FHFA Blocks Action to Protect Homeowners Against Insurance Ripoffs

If you had to buy insurance, would you ask JP Morgan Chase or Wells Fargo to choose a policy for you? Probably not. And yet, the Federal Housing Finance Agency is allowing Chase, Wells and other mortgage servicing giants to insurance-shop for millions of homeowners who get saddled with absurdly over-priced coverage while the big banks walk off with kickbacks from the insurance companies.

Every mortgage holder is required to have homeowner’s insurance. Sometimes the insurance lapses or gets canceled, often without the homeowner’s knowledge, making it necessary for the mortgage servicer to step in and purchase a form of emergency coverage known as force-placed or lender-placed insurance. Such emergencies have become far more common since the onset of the housing crisis; and because force-placed insurance costs between two and 10 times as much as regular homeowner’s insurance, it can have the perverse effect of driving families into foreclosure or making it harder for them to obtain affordable loan modifications.

Of course, the servicers like this arrangement fine, because they receive all kinds of sweeteners from insurance vendors, with the added cost built into the price of the coverage. The high premiums are the homeowners’ problem – or the taxpayers’, if the added expense drives a borrower into foreclosure. In that case, Fannie and Freddie are legally bound to reimburse a mortgage servicer for all costs, fair or otherwise.

Although some state regulators have begun to crack down on this practice, the Federal Housing Finance Agency – the nation’s largest housing watchdog – has stymied the search for a solution.

Last November, Fannie Mae – fed up with the inflated cost of force-placed insurance – decided to purchase it directly from insurers instead of reimbursing servicers. That plan would have saved taxpayers $300 million, according to one Fannie Mae analysis. Stunningly, Fannie’s regulator – the Federal Housing Finance Agency – quashed this initiative without any explanation to the public.

The FHFA continues to dither instead of playing a constructive role in bringing relief to homeowners and taxpayers. The agency has signaled that it may soon take steps to prohibit some of the kickbacks plaguing the industry and driving up prices. These practices will be difficult to police, however, and insurance sellers could find new ways to compensate servicers that are not explicitly prohibited by the FHFA.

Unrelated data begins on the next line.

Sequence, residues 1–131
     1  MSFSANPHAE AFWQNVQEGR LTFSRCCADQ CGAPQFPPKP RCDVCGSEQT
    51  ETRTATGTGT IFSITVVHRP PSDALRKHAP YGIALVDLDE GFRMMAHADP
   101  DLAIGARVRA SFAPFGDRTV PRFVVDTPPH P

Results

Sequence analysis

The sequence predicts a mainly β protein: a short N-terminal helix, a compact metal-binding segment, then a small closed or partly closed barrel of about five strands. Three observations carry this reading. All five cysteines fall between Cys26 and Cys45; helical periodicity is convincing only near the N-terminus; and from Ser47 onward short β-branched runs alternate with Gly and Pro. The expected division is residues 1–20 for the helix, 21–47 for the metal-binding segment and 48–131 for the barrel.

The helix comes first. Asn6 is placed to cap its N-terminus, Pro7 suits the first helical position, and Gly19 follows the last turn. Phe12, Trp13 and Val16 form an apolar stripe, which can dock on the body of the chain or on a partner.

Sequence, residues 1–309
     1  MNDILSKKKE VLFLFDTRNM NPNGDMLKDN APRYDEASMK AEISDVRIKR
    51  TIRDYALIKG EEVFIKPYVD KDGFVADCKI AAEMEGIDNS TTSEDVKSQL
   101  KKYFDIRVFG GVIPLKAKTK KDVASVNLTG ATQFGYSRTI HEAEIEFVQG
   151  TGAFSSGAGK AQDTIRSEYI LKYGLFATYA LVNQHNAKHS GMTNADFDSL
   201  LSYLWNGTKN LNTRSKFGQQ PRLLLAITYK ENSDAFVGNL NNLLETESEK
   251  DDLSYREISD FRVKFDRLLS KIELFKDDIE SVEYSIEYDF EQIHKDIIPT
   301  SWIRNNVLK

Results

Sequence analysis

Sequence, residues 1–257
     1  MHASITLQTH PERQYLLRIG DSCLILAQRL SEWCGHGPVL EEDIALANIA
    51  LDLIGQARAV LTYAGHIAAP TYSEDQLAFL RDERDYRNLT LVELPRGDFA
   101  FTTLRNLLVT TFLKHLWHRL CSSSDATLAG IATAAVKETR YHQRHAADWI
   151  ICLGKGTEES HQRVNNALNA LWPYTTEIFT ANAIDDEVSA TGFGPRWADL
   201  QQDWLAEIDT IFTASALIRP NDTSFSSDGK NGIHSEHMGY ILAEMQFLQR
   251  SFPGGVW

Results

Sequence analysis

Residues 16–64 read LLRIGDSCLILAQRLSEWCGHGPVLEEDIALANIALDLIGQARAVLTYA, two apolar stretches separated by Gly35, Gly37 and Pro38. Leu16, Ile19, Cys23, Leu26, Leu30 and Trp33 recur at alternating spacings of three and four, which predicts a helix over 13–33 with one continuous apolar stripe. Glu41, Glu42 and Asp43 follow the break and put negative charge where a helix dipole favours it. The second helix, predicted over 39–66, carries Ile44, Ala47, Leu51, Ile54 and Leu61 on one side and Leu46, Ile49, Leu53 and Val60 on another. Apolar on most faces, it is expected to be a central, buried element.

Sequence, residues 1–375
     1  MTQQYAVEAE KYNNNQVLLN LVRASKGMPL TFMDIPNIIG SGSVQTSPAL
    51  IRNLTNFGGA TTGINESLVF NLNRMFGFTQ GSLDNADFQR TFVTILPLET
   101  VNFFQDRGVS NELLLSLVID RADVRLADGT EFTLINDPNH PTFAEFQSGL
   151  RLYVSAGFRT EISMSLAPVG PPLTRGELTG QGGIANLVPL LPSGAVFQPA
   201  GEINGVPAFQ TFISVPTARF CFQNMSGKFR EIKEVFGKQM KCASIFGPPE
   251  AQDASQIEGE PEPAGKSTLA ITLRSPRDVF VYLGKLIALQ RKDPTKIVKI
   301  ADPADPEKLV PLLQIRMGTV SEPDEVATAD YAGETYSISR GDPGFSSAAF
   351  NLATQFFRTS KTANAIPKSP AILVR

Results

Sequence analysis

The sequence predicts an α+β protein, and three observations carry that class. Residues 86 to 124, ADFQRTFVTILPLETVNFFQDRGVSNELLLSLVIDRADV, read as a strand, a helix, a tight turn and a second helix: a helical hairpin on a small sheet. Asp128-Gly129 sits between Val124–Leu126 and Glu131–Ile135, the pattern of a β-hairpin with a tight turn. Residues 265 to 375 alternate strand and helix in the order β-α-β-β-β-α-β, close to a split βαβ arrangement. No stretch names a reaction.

Instead, the agency should address the fundamentally bad incentives of this marketplace by allowing the GSEs to purchase affordable force-placed insurance policies directly from insurance companies, cutting out the kickbacks. As leading consumer groups explained in a letter to the agency this week, if the FHFA works with the GSEs, the tremendous purchasing power of Fannie Mae and Freddie Mac can be used to discipline mortgage servicers and force-placed insurance providers alike.

In fact, as the agency plans for the future and builds a new platform that Fannie Mae and Freddie Mac will use to conduct most of their business, the agency should build force-placed insurance options into the system, making this insurance easier to purchase and less expensive for the GSEs.

The nation urgently needs the FHFA to act as a responsible watchdog so that homeowners can focus on keeping their homes and the GSEs can effectively support a strong housing recovery.

— Sarah Edelman

Sarah Edelman is a policy analyst at the Center for American Progress. This piece was originally published on USNews.com.

Monitoring the Mortgage Agreement